43 Comments
Posted by BeachThunder

Odd choices...

Posted by Gold_Skulltulla

Having worked at the Smithsonian (Hirshhorn Museum), I can safely say that it's an institution that's slow to move, though each individual museum mostly operates on their own accord (American Art and Portrait Gallery more in tandem bc they share a building). Curious if they'll focus on specifically American games. I know the traveling Art of Video Games show did not, but it might be strange to acquire Japanese games into a collection of American art, no?

PS - A technicality, but MoMA's game acquisitions are part of their architecture and design collection, not their art collection.

Edited by taig

The term "media art" is so clunky. I guess it is a good catch all, but yuck.

Posted by Jamsque

@beachthunder: You have to think about the context. Games as art is taken as read for most people here. It is not for most people who go to the Smithsonian. They have chosen two games which is it easy to point at and say "look, here is the artistic merit of this piece".

Flower is a game that, whatever you may think of it personally, is approachable and accessible to people who know nothing about games, and has a clear emphasis on a very specific aesthetic sensibility in its visual art and music and even mechanics.

Halo 2600 seems a VERY strange choice on the face of it, but in many ways it's a fantastic selection because it is something that was created as a labour of love for its own sake, rather than as a commercial product. Here is a person re-interpreting an existing work in the same medium but in a very different style, and in doing so posing interesting questions about the relationship between modern games and games of previous generations.

Posted by mrfluke

flower i understand, but halo 2600? really?

Posted by hfm

No 2600 E.T.? I am dissapoint.

Posted by mithhunter55

Interested to see where they go from here.

Posted by cabrit_sans_cor

I hate this debate.

Everybody is quick to claim that games are "art", until people begin to treat them like art (i.e. critiques). Then they're frothing at the mouths at how it's "just a game". Not to mention that calling something "artsy" in gaming is usually used as a pejorative (see: the scads of indies that people claim 'aren't really games').

I love games, don't get me wrong. But are they art? I don't think so.

Posted by hfm

I hate this debate.

Everybody is quick to claim that games are "art", until people begin to treat them like art (i.e. critiques). Then they're frothing at the mouths at how it's "just a game". Not to mention that calling something "artsy" in gaming is usually used as a pejorative (see: the scads of indies that people claim 'aren't really games').

I love games, don't get me wrong. But are they art? I don't think so.

I treat them like art, I think that's enough for me. I couldn't care less if someone else agrees with me.

Edited by AMyggen

@cabrit_sans_cor: The debate about what is art and what isn't art is dumb, I agree. But why isn't video games art? Why isn't a game like Journey art when films can be art, when music can be art? That a bunch of loud idiots scream every time a critic tries to take the medium seriously doesn't have an impact on what is and isn't art.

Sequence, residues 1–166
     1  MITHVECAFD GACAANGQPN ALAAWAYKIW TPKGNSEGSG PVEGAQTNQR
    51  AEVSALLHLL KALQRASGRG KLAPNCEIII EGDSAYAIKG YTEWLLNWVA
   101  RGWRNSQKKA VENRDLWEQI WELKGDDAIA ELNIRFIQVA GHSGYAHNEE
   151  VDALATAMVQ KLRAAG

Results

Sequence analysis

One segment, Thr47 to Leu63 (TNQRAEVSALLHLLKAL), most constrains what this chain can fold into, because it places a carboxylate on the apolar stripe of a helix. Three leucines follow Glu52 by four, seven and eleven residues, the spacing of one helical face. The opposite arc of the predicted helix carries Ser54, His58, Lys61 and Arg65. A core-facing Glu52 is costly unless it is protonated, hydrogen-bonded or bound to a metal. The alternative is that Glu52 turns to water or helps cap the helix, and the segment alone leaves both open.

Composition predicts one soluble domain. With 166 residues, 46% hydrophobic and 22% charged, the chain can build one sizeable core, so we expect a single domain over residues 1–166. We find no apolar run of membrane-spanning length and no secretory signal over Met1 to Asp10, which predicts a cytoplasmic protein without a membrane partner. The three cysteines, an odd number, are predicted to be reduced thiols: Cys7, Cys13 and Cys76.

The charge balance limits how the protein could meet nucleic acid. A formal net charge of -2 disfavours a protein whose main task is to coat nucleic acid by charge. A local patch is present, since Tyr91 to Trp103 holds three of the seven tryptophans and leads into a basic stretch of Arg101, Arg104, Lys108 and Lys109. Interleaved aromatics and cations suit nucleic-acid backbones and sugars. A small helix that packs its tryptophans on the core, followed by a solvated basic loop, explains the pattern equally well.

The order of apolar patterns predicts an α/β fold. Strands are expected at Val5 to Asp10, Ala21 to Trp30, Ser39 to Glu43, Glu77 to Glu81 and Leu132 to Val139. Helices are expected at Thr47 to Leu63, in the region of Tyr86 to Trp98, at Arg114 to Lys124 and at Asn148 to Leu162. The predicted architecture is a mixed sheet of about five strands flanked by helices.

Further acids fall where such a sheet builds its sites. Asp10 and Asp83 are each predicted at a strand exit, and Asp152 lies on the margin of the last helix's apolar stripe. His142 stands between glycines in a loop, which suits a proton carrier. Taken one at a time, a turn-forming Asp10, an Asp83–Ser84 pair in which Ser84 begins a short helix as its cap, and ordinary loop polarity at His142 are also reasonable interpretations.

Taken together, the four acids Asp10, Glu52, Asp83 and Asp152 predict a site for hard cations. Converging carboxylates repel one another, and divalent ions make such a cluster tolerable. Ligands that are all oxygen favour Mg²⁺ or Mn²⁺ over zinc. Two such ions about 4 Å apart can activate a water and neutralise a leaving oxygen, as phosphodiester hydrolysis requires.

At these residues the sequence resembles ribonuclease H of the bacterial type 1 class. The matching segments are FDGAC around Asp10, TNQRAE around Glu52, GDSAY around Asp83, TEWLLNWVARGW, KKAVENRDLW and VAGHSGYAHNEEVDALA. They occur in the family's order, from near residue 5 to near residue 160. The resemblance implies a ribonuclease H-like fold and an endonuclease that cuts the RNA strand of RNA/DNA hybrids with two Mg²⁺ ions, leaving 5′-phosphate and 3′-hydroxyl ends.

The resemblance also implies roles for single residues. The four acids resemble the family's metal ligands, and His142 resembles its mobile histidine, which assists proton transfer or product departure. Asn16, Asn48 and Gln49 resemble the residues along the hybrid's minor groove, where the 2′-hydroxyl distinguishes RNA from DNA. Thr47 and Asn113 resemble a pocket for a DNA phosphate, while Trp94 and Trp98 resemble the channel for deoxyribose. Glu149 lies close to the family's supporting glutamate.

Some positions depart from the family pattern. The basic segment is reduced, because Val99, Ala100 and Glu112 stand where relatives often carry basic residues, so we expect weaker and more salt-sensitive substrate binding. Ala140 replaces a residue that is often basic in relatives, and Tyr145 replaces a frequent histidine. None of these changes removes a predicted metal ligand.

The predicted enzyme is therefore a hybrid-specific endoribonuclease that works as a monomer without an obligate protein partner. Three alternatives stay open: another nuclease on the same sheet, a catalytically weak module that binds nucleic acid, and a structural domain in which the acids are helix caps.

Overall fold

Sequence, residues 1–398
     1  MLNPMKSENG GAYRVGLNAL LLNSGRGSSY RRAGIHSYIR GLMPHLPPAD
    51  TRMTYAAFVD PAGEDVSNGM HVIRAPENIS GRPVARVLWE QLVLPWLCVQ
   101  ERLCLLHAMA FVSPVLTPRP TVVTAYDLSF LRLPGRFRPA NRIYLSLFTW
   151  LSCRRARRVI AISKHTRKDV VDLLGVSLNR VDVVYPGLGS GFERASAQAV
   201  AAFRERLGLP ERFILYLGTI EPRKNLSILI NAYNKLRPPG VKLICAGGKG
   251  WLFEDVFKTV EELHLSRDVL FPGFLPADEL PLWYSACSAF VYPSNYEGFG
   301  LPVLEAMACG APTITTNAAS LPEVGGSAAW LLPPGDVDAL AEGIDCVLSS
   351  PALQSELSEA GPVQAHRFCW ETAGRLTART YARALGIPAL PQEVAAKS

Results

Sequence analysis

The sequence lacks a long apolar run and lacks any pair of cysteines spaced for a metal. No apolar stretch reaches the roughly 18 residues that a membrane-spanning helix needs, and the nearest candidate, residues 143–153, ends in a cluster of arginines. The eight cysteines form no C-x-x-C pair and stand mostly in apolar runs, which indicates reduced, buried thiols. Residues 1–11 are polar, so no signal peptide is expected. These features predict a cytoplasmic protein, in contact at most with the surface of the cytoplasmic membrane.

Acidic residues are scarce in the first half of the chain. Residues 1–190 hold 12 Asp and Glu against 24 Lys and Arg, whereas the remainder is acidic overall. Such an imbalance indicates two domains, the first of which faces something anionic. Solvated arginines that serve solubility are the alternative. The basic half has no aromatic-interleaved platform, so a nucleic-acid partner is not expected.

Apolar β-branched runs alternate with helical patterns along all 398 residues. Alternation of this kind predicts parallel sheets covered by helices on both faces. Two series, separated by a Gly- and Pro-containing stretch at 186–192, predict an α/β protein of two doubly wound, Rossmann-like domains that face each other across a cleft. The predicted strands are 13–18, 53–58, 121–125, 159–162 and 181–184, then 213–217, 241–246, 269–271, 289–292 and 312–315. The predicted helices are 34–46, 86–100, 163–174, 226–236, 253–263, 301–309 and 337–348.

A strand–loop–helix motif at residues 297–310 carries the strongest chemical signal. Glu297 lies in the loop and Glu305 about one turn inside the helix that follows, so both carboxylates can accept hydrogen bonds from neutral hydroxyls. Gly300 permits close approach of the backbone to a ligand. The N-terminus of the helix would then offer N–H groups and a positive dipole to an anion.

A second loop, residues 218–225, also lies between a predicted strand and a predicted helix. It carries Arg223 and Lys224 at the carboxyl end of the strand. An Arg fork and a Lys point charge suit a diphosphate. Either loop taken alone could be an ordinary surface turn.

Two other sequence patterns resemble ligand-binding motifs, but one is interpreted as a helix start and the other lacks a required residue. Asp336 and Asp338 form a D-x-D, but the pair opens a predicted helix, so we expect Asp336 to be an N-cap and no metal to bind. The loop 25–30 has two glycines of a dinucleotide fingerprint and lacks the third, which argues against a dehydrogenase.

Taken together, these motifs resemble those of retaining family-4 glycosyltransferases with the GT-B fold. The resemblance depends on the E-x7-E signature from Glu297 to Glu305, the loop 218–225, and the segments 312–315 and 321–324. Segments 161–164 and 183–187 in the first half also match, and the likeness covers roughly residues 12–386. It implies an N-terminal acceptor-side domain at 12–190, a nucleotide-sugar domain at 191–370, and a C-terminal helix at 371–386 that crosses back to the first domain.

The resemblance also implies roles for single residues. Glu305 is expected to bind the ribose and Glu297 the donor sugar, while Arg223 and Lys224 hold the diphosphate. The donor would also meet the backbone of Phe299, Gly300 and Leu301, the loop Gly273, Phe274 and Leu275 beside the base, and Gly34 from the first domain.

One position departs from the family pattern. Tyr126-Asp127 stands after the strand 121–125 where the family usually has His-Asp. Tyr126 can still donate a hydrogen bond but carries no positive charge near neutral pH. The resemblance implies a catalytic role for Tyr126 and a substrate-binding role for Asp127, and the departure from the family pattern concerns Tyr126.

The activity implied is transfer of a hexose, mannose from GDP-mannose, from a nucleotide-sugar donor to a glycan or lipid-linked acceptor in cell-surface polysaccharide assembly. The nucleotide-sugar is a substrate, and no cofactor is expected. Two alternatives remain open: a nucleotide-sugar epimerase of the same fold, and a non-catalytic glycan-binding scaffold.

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Posted by seveword

Thanks for getting this! Super interesting.

Posted by cabrit_sans_cor

@amyggen:

It's just my opinion, but as a whole I don't feel like video games are art. I mean, imagine that 80% of movies or music are about how great killing shit is (whether it be brown people, aliens, what have you) and how cool war is. It feels like there's a huge lack of substance.

But then again, what is and isn't art is a stupidly complex question. I love the movie Die Hard, for instance. I don't think of it as a work of art, but I do think of it as incredible entertainment. A film like Citizen Kane, on the other hand, I do think of as art. Not only did it help move the medium forward, there's a lot more going on than "man is stuck in high-rise, must kill terrorists" - it's about something bigger: the true value (and cost) of wealth and power. How the most important things in life can't be acquired through money, etc.

But I don't know, that's just how I feel about it. I guess it's an ultimately subjective question.

Edited by Zalrus9

@cabrit_sans_cor:

I feel what you are saying, but what you describe is all art.

http://www.etymonline.com/index.php?term=art

Perhaps it's not the best art in the world, but that's what Sturgeon's law is for. Video games, however, can go to a lot of great places because of it's interactive nature.

But, as you said, that's mainly semantics, and people can argue until they're blue in the face about it, but it is subjective. That said, I will rejoice when video games become treated like other forms of art, and accept the responsibilities of criticism.

Posted by Winternet

@amyggen:

I mean, imagine that 80% of movies or music are about how great killing shit is (whether it be brown people, aliens, what have you) and how cool war is. It feels like there's a huge lack of substance.

I would say that at least 90% of movies are about how great killing shit is or other subjects that also show a huge lack of substance.

Posted by guynamedbilly

Where'd the dump truck go?

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Edited by benspyda

I don't think games can be considered art until they contain more realistic graphic nudity like all the other forms of art.

Edited by thainatos

I live five blocks from that building!

Posted by Missacre

I hate how video games are associated with art now. Games like Gone Home, Bioshock Infinite and The Last of Us are considered "art," but there's nothing to actually take from them that qualifies as art. Flower, I might understand, but it's hardly a game itself. I feel like this whole "video games as art" thing is made up by pretentious people that want to "elevate" video games to art, even though most of them probably don't play, or recently started playing, and suddenly they're experts on the subject.

We're gonna start losing actual gameplay in games and getting this "art" shit, just because everyone's gonna have a hardon for the museum and wanting to get on the list. I love the Smithsonian, but this is a bad move.